From Meghan Markle’s article in the New York Times today about her miscarriage:
“It was a July morning that began as ordinarily as any other day: Make breakfast. Feed the dogs. Take vitamins. Find that missing sock. Pick up the rogue crayon that rolled under the table. Throw my hair in a ponytail before getting my son from his crib.
After changing his diaper, I felt a sharp cramp. I dropped to the floor with him in my arms, humming a lullaby to keep us both calm, the cheerful tune a stark contrast to my sense that something was not right.
I knew, as I clutched my firstborn child, that I was losing my second.”
One out of four women know this experience intimately with or without holding a child in their arms.
As I read her words, I too remember the sharp pain, the instinctive nature that I knew something was wrong, the drive to the hospital, the D+E operation, and coming home without your baby and a hole that quickly swallows you up.
Meghan shares about a grief that has changed her and Harry’s life forever and it will also change their son’s life as well. He will now have parents who know the grief and pain of losing a child, who are now different because of it, and who will need to find strength somewhere to parent and love him as they grieve his sibling.
Parenting after loss is layered and difficult within a journey that is already challenging—from finding moments to honour your grief while staying connected to the baby in your arms to the times when grief takes over and you feel overwhelmed and exhausted, but you still need to be present for your child.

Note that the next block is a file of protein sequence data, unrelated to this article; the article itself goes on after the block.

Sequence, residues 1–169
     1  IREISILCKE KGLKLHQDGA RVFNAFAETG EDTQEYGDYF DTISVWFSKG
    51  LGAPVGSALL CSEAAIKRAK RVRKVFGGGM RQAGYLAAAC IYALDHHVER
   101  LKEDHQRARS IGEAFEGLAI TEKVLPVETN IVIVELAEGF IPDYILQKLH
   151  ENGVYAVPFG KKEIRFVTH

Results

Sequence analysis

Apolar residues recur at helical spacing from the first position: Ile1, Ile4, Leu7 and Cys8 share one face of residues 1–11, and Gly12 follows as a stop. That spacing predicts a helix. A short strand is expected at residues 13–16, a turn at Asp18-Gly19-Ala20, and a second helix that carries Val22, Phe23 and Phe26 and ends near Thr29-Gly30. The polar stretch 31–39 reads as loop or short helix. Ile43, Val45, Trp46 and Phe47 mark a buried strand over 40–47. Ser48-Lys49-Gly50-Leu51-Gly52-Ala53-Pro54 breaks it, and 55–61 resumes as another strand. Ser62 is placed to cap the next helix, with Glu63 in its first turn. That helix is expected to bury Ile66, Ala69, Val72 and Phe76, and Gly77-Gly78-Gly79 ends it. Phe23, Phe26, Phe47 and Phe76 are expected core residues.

The anxiety, the emotional toll it takes on your spirit, finding time for self-care and compassion when you are also managing a small human’s tantrums and lust for life—it’s all so layered.
What resonated the most for me as a mother parenting after loss is how Meghan’s voice reminded me that as a grieving woman, my voice is power and almost an act of rebellion. I appreciate that Meghan is using her voice to share her pain and grief in a world that has conditioned women to stay silent, to suffer alone in their motherhood journey.
Regardless if you like her or not, Meghan is using her voice. A voice of a woman and a mother. A voice that is usually silenced when there is grief and pain involved. A voice that has been conditioned by society to not talk about painful experiences or share grief. A woman’s voice that has been told to stay strong, keep it inside, and save face.
Meghan and other celebrities who share about their miscarriages and losses show other women that we still have a choice to share or not to share, and when to share.
I watched three news stations this morning sharing her article today, and more than once there was the question of why she shared now and how deep and touching her words were. This tells me that first, miscarriages and pregnancy loss are still stigmatized. Secondly, she can share this anytime she wants—she is a grieving mother.
Newsflash: grief doesn’t have a timeline.
And if you have experienced a pregnancy loss or are parenting after a loss, I do hope that you feel seen through her article as I have. I read her words and can feel a sense of collective knowing and agreement because yes this grief is hard, yes so many women experience this, and yes it’s okay to say that you aren’t doing well.